The Supreme Court of Canada recently ruled in favor of Newton in the Crookes v. Newton, declaring that this specific use of linking to allegedly defamatory material did not constitute publishing. A number of people have suggested this has links to policy discussions in copyright where sites like ISOHunt that allegedly "just link" to content should be equally immune (See article by Jesse Brown as an example).
I think this requires more than a cursory look at both what the Supreme Court said and the policy being proposed to be added within C-11.
In Crooks v. Newton the judges did not suggest that all linking was immune. There are qualifications to that immunity offered using different language from different judges.
Per Binnie, LeBel, Abella, Charron, Rothstein and Cromwell JJ.:
Only when a hyperlinker presents content from the hyperlinked material in a way that actually repeats the defamatory content, should that content be considered to be “published” by the hyperlinker.
Per McLachlin C.J. and Fish J.:
The reasons of the majority are agreed with substantially. However, a hyperlink should constitute publication if, read contextually, the text that includes the hyperlink constitutes adoption or endorsement of the specific content it links to. A mere general reference to a website is not enough to find publication.
Per Deschamps J.:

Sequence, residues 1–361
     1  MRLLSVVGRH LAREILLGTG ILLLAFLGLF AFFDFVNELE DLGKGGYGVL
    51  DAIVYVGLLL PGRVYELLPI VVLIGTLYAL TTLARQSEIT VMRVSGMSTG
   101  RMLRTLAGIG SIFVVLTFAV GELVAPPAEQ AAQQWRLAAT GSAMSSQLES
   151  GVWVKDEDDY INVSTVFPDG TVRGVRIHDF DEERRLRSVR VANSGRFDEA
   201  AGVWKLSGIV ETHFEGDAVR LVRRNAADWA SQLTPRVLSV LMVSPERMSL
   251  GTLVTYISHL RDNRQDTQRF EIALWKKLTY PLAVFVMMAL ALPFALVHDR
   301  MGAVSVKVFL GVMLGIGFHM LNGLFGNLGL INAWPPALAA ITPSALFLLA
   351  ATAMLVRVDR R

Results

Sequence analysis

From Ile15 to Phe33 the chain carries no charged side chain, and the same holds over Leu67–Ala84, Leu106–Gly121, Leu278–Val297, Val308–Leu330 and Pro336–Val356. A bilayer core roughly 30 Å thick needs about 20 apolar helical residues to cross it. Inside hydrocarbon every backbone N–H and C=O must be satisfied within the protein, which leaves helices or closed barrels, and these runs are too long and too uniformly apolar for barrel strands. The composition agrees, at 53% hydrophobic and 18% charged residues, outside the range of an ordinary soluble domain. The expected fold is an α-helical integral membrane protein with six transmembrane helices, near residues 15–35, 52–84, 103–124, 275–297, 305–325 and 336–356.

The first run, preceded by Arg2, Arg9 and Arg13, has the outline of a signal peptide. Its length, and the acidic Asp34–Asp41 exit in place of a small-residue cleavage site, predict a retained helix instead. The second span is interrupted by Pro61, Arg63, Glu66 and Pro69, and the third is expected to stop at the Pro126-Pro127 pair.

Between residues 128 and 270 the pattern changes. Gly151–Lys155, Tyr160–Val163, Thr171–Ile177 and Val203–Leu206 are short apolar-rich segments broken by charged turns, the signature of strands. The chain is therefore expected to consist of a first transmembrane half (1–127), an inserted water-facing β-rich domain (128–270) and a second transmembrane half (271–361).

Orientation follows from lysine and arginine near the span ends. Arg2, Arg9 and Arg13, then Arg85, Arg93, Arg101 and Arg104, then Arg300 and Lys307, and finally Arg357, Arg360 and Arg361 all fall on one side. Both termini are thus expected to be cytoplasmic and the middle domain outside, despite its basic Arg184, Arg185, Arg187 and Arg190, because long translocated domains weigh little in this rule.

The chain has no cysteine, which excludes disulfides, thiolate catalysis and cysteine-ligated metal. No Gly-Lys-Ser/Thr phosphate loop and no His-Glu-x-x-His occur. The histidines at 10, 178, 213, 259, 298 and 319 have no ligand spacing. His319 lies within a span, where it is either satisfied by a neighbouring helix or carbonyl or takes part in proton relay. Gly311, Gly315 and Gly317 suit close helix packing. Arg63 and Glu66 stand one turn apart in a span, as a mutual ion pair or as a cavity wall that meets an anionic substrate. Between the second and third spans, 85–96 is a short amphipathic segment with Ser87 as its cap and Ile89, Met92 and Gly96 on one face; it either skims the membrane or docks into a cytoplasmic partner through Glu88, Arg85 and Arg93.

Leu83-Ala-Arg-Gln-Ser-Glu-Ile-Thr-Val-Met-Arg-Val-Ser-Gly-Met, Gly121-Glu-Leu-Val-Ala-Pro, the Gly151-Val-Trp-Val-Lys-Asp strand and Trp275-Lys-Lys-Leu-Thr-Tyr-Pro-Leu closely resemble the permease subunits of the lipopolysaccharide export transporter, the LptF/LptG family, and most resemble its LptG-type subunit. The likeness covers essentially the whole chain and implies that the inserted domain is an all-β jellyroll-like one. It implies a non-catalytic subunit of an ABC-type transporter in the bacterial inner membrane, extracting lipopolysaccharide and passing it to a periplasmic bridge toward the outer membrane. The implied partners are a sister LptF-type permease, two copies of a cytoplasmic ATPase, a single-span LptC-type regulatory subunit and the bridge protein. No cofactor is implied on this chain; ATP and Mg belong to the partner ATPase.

In order to satisfy the requirements of the first component of publication, the plaintiff must establish, on a balance or probabilities, that the hyperlinker performed a deliberate act that made defamatory information readily available to a third party in a comprehensible form.
In other words, context matters. To translate this general policy into a copyright context, if the courts find that links being made are a deliberate act to make infringing material readily available, the entity linking wouldn't be immune.
Copyright bill C-11 will add a new type of secondary infringement relating to the provision of services.
27(2.3) It is an infringement of copyright for a person to provide, by means of the Internet or another digital network, a service that the person knows or should have known is designed primarily to enable acts of copyright infringement if an actual infringement of copyright occurs by means of the Internet or another digital network as a result of the use of that service.
I will for the moment allow the legal community to spend years debating the meaning of "designed primarily to enable" (and the odd focus on "digital" yet again).
We will eventually get multiple worded interpretations from the supreme court, but it will come down to something similar to what was decided in the defamation case. Linking to material without endorsing defamatory or inducing infringing activities will not make one liable, but if you are trying to use linking to get around the spirit of the law then you won't be immune.
In the United States they had a case MGM Studios, Inc. v. Grokster, Ltd where their Supreme Court held the following:
"We hold that one who distributes a device with the object of promoting its use to infringe copyright, as shown by clear expression or other affirmative steps taken to foster infringement, is liable for the resulting acts of infringement by third parties."
While I believe the new "inducement" standard set out by the United States Supreme Court is more clear than what we see in Bill C-11, the general theme is very similar.
I for one won't be very sad when ISOHunt, yet another pillar of the false claim that Canada is a "piracy haven", closes.